Children with hearing loss may not hear their own voices when they speak. They may speak too loudly or not loud enough. They may have a speaking pitch that is too high. They may sound like they are mumbling because of poor stress, poor inflection, or poor rate of speaking.
Children with severe to profound hearing losses often report feeling isolated, without friends, and unhappy in school, particularly when their socialization with other children with hearing loss is limited.
These social problems appear to be more frequent in children with a mild or moderate hearing losses than in those with a severe to profound loss.
III . Advice to help them
Adapting the school environment to support the learner with hearing loss. For example, if a teacher turns his back to the students while teaching, his voice will be directed toward the blackboard, causing a student with hearing loss to miss part of the lesson. Oral changes to homework assignments, an unfamiliar accent or a teacher who talks too rapidly can all hinder the learning progress of a student with hearing loss.
Schools are beginning to use induction loop systems or “hearing loops” more frequently. There is a growing movement, in fact, to make them standard in large public venues, such as performing arts centers and airports, where people need to hear broadcast sound. Hearing loops typically circle the periphery of a classroom or public space, and work on electromagnetic signals that connect with the teacher, speaker, or performer’s microphone and audio system. This enables state-of-the-art hearing aids and cochlear implants to pick up the sounds coming from the microphone without the unwanted background noise.
FM systems are wireless audio systems designed to help people hear speech better in noisy environments. Working as a standalone system—or in conjunction with your child’s hearing aids, cochlear implant, or other auditory management technology—FM systems help children with any degree of hearing loss. In fact, research shows that having FM systems in the classroom benefits all students, even those without hearing loss.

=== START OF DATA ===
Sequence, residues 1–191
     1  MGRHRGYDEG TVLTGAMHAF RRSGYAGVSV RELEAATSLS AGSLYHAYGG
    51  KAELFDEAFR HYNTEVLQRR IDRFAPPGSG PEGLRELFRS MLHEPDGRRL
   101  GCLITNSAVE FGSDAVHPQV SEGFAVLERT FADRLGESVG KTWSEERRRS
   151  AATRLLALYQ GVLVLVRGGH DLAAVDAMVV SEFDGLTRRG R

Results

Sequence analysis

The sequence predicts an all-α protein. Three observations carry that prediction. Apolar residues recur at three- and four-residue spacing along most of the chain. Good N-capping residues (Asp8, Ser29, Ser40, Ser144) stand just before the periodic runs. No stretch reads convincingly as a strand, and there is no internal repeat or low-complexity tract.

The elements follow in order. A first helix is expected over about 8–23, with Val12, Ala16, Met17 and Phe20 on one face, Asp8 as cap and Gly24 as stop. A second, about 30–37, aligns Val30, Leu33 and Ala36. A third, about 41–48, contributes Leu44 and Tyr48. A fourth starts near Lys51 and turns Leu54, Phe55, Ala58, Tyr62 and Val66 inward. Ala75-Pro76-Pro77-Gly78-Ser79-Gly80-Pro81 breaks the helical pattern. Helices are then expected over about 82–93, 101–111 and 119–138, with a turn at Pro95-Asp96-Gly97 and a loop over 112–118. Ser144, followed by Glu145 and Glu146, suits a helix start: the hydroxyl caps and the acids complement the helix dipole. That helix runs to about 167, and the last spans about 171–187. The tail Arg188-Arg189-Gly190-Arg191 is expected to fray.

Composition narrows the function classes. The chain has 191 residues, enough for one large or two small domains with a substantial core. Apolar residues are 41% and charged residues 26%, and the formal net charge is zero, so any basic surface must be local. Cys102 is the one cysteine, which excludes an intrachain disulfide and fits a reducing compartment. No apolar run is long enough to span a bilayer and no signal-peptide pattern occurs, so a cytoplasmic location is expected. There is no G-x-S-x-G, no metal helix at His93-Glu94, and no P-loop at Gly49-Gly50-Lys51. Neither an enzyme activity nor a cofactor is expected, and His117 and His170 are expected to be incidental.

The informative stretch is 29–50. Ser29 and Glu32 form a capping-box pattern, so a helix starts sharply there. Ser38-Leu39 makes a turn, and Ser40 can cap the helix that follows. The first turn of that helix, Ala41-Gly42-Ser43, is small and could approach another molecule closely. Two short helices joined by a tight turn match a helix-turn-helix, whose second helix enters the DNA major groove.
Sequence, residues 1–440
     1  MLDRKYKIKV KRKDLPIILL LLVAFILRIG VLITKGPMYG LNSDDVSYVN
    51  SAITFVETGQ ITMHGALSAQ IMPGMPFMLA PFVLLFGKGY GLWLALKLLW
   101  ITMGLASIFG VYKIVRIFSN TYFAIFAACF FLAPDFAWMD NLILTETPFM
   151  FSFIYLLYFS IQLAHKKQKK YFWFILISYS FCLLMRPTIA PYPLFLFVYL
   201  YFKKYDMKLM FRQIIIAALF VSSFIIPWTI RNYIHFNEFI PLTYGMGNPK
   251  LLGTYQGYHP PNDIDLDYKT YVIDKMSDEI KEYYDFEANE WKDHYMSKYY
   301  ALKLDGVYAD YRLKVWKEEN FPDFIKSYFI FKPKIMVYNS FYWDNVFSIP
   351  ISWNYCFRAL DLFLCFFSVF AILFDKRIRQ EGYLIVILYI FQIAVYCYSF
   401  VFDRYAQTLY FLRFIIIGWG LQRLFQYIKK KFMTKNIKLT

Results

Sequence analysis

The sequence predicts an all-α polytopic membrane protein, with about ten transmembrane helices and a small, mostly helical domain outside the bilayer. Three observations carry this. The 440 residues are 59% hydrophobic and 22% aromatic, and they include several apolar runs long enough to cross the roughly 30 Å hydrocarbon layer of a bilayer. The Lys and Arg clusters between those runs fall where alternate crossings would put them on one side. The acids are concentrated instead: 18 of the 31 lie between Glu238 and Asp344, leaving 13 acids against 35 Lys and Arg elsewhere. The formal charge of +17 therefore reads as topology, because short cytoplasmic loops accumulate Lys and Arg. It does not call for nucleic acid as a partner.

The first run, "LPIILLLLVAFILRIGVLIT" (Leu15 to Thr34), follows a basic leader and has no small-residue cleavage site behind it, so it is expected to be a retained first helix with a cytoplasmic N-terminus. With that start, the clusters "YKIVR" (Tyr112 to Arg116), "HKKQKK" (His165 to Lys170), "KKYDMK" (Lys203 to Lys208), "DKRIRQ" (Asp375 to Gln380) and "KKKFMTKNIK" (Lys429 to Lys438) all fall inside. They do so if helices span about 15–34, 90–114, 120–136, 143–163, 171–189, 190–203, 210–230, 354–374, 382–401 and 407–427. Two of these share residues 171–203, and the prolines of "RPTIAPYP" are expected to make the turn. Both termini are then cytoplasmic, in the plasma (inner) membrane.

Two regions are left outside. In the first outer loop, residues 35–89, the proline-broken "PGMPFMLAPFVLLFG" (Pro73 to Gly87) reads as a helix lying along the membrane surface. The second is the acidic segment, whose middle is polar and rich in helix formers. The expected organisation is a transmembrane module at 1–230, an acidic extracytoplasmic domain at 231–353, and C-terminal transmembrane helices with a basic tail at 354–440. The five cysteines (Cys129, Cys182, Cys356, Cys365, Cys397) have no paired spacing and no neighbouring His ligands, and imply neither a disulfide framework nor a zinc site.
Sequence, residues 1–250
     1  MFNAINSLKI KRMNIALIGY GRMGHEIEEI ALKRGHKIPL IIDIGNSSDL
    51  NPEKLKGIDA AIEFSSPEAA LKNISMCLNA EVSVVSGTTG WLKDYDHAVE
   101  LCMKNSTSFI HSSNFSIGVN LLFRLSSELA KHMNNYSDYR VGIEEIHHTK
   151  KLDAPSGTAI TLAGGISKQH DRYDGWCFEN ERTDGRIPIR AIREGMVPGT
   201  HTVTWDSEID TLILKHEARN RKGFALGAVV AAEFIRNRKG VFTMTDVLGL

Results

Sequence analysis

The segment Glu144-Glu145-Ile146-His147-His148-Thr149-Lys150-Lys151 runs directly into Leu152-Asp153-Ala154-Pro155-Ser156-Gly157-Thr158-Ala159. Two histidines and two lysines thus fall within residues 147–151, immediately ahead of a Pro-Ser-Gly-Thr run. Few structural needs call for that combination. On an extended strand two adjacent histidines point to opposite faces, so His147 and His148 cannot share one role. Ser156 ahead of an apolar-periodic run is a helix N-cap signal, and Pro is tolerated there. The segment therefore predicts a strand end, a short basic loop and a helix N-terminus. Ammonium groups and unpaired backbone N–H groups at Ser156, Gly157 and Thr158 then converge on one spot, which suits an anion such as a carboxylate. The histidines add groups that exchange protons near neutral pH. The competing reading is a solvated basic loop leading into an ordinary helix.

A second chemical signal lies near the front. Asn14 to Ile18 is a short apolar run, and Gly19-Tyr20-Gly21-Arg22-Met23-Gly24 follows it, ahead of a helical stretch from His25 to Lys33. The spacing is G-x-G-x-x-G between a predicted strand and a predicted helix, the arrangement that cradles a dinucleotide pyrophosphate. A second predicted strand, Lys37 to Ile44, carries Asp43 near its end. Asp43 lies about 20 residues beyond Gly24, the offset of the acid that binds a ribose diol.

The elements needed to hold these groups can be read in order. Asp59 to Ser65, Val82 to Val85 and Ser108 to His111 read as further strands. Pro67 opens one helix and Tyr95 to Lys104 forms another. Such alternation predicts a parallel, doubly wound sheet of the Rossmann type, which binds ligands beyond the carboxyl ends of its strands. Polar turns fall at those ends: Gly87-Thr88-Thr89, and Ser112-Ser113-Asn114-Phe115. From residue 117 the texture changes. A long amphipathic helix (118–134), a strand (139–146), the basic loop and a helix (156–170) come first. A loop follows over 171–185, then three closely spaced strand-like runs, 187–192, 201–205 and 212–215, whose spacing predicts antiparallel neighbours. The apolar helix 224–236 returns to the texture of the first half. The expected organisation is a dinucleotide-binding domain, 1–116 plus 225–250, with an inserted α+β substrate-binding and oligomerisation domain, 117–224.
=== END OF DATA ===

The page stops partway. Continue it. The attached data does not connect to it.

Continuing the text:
Remote microphone hearing assistance technology (HAT) delivers the speech signal from the microphone to other audio devices so your child can have easier access to what the teacher is saying. HAT devices can bring the speech and sound signals from the microphone to your child in a number of ways:
Directly to your child’s hearing aid, cochlear implant or other hearing device via a hearing loop;
Directly to your child’s hearing aid, cochlear implant or other hearing device via a wireless receiver that your child wears;
To a strategically positioned loudspeaker that benefits your child and others in the room;
To a single, personal loudspeaker close to your child.
IV . Conclusion
There isn’t a moment to waste. The earlier your child is tested, diagnosed and treated for any hearing loss, the greater their chances of realizing their full academic potential. Early intervention gives your child their best chance of being able to attend mainstream schools, develop their best speech and language skills and generally lead a happy and confident schooling life.
Remember: You are not alone. These professionals have gone through this many times before with parents just like you who want to do the very best for their children. The important step is setting up that initial meeting with the multidisciplinary team in order to put the best plan in place for your child.
V . Sources